Alaska Aviation Heritage Museum
For the past 2 years I have indulged myself in reading books about those early aviation days (1920s and 1930s) in Alaska and (North)western parts of Canada. About
aviation pioneers such as Grant McConachie (who built CPAir, later known as Canadian Airlines), Frank Barr (bushpilot in Alaska and the Yukon, later active in Alaska's politics), Jack Jefford (another pioneer aviator in Alaska, Chief Pilot CAA/FAA Alaska Region 1940-1972), Bob Reeve and the Wien brothers (starting out on single engine, building business to become established airlines), Joe Crosson, Don Sheldon and other famous names, some of who fell victim: Ben Eielson, Wiley Post.... I could go on and on !
1928 Stearman C2B NC5415 |
In 1929, Ben Eielson purchased this Stearman from Noel Wien for the newly established Alaskan Airways, Inc. In November, 1929, pilot Eielson and his mechanic, Earl Borland, were lost on a flight in Siberia to the stranded fur ship, Nanuk. With only forty hours flight time, novice aviator Harold Gillam, flew the Stearman on this extraordinary search for the downed men. NC5415 was among the first to land on Mt.McKinley 1932, and also made historic flights to arctic villages with diphtheria serum in 1931 with pilot Joe Crosson.
The Stearman clearly shows that those early aviators had to be content with an open cockpit. Must have been a cold job. I remember reading about a pilot asking his boss, considering new planes to buy, for an enclosed cockpit; what he got was an open cockpit with the radiator positioned more closer to the aviator.... Another story told about pilot and passenger almost choking to death when they flew over one of those enormous bush fires; pilots navigated by the countryside below them, following rivers; this pilot almost suffocated and had a near-miss with a bridge but he did manage to land at Fairbanks and survived.
In the 1925's Lloyd Carlton Stearman (an aviation pioneer who was instrumental in founding the aircraft industry in Wichita, Kansas) joined with Walter Beech and Clyde Cessna to form Travel Air Manufacturing Company. The trio's efforts produced the first Travel Air bi-plane that year.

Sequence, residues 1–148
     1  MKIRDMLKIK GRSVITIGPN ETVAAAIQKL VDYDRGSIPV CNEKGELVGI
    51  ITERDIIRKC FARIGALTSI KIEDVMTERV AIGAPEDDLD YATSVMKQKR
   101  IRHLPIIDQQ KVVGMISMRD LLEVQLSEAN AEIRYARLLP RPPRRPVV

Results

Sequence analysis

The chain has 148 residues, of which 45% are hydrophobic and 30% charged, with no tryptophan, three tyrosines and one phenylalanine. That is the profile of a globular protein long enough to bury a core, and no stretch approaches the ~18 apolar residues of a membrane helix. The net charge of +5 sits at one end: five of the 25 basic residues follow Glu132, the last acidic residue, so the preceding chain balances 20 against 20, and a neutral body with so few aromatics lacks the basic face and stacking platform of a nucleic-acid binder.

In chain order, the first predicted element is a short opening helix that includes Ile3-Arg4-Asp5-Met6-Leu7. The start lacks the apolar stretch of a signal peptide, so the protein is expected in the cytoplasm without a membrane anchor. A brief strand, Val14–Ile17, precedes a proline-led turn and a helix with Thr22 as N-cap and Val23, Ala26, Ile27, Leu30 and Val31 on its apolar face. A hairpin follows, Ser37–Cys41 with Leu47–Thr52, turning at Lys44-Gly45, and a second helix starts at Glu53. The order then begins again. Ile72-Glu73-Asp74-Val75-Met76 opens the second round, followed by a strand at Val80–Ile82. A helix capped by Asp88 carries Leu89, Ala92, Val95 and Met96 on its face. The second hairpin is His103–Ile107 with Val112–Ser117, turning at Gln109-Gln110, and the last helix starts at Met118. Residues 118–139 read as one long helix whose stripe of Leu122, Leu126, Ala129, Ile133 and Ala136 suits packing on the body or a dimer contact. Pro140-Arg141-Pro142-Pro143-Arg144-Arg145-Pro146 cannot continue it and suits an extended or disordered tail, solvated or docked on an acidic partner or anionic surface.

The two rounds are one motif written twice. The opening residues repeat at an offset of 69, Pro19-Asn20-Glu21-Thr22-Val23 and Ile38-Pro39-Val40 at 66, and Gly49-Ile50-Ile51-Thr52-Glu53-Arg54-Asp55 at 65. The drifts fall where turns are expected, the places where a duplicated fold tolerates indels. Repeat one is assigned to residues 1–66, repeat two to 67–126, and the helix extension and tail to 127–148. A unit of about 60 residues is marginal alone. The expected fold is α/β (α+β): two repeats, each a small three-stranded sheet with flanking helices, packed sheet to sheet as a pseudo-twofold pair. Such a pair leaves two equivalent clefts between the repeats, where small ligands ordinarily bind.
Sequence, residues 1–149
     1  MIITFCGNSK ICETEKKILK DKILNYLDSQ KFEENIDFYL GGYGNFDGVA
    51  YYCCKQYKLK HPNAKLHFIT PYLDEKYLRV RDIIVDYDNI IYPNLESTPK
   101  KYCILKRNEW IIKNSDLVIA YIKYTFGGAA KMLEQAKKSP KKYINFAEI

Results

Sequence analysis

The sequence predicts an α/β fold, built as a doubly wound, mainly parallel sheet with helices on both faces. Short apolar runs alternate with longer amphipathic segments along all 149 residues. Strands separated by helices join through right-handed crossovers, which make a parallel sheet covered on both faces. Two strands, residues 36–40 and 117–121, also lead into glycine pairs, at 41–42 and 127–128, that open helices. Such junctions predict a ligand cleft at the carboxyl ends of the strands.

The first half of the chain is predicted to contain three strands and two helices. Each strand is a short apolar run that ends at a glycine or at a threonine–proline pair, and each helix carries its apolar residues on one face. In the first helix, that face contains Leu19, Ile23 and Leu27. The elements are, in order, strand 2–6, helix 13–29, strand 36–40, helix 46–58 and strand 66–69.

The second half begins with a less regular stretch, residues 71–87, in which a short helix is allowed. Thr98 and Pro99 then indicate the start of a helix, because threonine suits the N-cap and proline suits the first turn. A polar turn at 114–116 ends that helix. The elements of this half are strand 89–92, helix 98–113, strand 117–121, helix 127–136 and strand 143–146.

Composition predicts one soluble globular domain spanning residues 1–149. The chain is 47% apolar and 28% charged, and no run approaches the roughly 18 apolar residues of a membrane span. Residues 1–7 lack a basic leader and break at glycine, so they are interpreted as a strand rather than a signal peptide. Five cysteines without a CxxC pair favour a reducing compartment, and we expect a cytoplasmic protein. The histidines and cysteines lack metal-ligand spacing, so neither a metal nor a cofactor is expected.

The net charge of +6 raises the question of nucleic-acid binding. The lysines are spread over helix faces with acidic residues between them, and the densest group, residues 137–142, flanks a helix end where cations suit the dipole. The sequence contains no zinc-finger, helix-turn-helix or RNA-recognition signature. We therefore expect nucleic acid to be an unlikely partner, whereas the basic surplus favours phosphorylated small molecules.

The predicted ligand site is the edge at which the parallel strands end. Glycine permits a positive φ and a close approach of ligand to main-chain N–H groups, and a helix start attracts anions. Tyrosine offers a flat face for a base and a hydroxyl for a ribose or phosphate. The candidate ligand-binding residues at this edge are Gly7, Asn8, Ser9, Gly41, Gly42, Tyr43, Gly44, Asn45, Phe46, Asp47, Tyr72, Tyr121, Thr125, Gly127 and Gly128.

1929 Travel Air 6000B NC8159 |
The AAHM Travel Air came to Alaska in 1939 with "Mudhole" Smith's Cordova Air Service and later belonged to Peck and Rice Airways in Bethel. A number of pioneer aviators owned NC8159 including Albert Ball, Fred Goff and Al Jones.
The Travel Air 6000B series weighed 4,500 pounds fully loaded, with a useful load of 1,960 pounds. This workhorse was designed to lift off from the treacherous gravel, dirt, grass, snow and rut-filled strips miles beyond civilization. Considered by many to be a huge aircraft back in those days, the Travel Air was a graceful airplane that settled the frontier outposts, delivering the U.S. mail, food and sometimes even livestock.
1934 Waco YKC NC14066 |
NC 14066 was flown to Alaska in 1939 by "Red" Flensburg to establish Dillingham Air Service. It was also owned by Bud Branham, who operated Rainy Pass Lodge in the Alaska Range. Gift of Mr. and Mrs. Elmer Rasmuson.
Long synonymous with aviation's “golden age,” the Weaver Aircraft Company (WACO) was founded in 1920 in Lorain, Ohio by George “Buck” Weaver, Elwood “Sam” Junkin, Clayton “Clayt” Bruckner and Charles “Charlie” William Meyers. For the next 26 years, the WACO name would be associated with a popular line of versatile open-cockpit and cabin biplanes.
1944 Stinson AT-19 Reliant N79548 |
This model was built by the Americans for the British during WWII. It was the last of the famous "gullwing" design for Stinson. After WWII the Stinson became available to the commercial market in the United States. Northern Consolidated, Wien Airlines, Alaska Airlines and Munz Northern Airline all used AT19s. This aircraft was purchased from the Planes of Fame Museum in Chino, California by Don Rogers and Bob Wagstaff of Anchorage and donated to the aviation museum, where it was fully restored by museum volunteers.
1943 Beechcraft UC45F N1047B
One of the most famous twin engine aircraft ever built, the "Beech" was used as a training and liaison aircraft of the WWII era. Alaska UC45F's were used for search and rescue by the Army Air Forces. After the war, N1047B was operated by Ward Air Service in Juneau. A photo of this aircraft in flight appears in the Time-Life series titled The Bush Pilots.